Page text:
Blade

Character                 
Frosted Blade
+1

Blued Blade
+2
Plain with Maker's Mark, Not Inspected
+1
Foreign Maker, for U.S. Market

+1

U.S. Maker, with Plain Etching, No Patriotic Motifs
+2
U.S. Maker, with Patriotic Motifs
+3
U.S. Maker, with Patriotic Motifs, Dated & Inspected
+4
U.S. Maker, Frosted Blade, Unique Etchings
+4
U.S. Maker, Frosted Blade, Unique Etchings, Dated & Inspected
+5
U.S. Maker, Presentation on Blade (see Presentations)

Damascene Blade
+5
Gold Wash
+5
Superior Etching by Known Artist
+5
Original Wash
+1








Negatives

Surface Rust

-1

Some Pitting & Discoloration
-2
Deep Active & Inactive Rust Pitting
-3
Minor Loss of Frosting/Bluing/Wash
-3
Major Loss of Frosting/Bluing/Wash
-4
Minor Dings in Blade
-1
Abused Blade/Tip Missing
-4
Correct Sharpening on Cavalry Blade
-1
Non-Period (or Gratuitous) Sharpening
-4
Faked Inspector or Maker's Mark
-5
Replace Washer
-1
No Washer
-1
Polished Blade
-1
Overly-Polished Blade
-2

Value = What?

 

Presentations

Type
"Feel Good" Presentation
+1
Deed Presentation
+2
Battle Honors Presentation
+3
Officer wounded in battle
+3
Officer mortally wounded in battle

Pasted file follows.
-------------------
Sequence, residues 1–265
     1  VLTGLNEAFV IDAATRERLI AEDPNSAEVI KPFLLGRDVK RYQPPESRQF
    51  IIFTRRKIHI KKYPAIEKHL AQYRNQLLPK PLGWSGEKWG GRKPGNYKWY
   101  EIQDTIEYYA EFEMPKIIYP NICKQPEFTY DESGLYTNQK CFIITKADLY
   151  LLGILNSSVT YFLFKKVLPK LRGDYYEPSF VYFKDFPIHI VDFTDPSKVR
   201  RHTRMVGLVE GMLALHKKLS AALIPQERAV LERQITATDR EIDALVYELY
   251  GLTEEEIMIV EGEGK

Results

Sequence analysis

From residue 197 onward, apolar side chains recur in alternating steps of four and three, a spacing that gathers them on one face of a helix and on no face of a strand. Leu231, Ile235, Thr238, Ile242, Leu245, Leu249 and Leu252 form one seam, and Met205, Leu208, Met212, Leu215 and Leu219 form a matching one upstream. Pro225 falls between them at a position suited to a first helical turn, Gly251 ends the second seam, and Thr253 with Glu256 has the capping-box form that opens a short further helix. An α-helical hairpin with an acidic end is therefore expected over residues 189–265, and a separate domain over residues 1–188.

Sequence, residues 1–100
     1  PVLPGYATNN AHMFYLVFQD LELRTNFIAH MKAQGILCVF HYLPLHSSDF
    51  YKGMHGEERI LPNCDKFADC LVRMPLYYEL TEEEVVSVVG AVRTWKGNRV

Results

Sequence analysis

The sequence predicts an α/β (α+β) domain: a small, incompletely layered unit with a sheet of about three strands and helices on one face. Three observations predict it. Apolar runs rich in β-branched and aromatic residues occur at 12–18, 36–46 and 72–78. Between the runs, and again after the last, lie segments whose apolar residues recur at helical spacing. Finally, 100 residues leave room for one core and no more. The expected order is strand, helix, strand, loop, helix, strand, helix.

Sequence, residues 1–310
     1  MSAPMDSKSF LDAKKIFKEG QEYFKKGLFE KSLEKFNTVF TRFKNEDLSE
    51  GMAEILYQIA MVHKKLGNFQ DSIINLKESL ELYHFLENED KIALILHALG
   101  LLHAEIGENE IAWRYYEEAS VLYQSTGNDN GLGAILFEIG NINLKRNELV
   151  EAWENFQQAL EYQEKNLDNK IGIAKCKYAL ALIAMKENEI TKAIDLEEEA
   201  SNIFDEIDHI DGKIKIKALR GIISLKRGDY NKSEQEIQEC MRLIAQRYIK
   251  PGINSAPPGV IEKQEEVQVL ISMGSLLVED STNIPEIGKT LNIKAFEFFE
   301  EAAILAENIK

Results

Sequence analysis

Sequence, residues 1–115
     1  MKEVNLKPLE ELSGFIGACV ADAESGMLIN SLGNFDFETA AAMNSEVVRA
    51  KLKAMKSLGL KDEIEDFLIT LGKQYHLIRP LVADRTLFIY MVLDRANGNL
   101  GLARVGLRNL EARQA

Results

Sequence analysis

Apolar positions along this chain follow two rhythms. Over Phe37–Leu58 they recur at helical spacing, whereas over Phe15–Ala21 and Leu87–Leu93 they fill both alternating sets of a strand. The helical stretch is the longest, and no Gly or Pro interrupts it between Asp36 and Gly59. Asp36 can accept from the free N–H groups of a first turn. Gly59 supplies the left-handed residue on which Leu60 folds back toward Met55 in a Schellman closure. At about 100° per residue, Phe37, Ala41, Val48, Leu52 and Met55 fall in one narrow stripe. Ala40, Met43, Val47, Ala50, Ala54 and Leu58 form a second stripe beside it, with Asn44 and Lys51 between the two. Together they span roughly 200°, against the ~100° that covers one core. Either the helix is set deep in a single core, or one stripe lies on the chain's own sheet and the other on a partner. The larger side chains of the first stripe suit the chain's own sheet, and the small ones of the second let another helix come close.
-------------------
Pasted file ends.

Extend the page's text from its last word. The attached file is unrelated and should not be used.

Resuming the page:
+4
Officer killed in action
+5
Officer Medal of Honor award
+5
Without Provenance
+2
With provenance
+5
Presentation Engraved on scabbard
+1
Presentation etched on scabbard
+1
Presentation engraved on scabbard mount
+1
Presentation engraved on scabbard plaque
+1
Presentation etched on blade
+3
Negatives
Commemorative Inscription
-5
Post Period Added Inscription
-5
Manufactured provenance
-3
Fake
-10

Myth or Fact?
It is not unusual for a leather scabbard to not fit the sword exactly.  Over time, the leather may have shrunk leading to an incorrect assumption that the mounts or scabbard may not be original to the sword.


If one sees no value in swords, they may be used to prod the fire, lay-waste to the invading shrubs around the house, or simply tossed in the attic.  However, if one has any appreciation for history, craftsmanship, and/or quality, the sword takes on a value (and sometimes a lot).  What determines value? There are many, many nuances to this, but the foremost factors to be considered in the valuation of swords would include maker, condition, grade, historical significance, provenance (verifiable evidence of origin and history), rank and association of a specific soldier, and sword maker.  This brings me to the most frequently abused word in the realm of collecting: "RARE."   In a sense, "rare" can be applied to any older sword (or "antique").  When the word "rare" is used, it should be viewed carefully in the context of the item and its history.   Many antiques (not just swords) are rare, yet they are not valuable.  In a sense, some swords are so rare that people do not recognize them for what they are. Therefore, they do not have a high value in the monetary sense.  That said, this can be a huge advantage to an informed collector who can find a gem at a bargain price.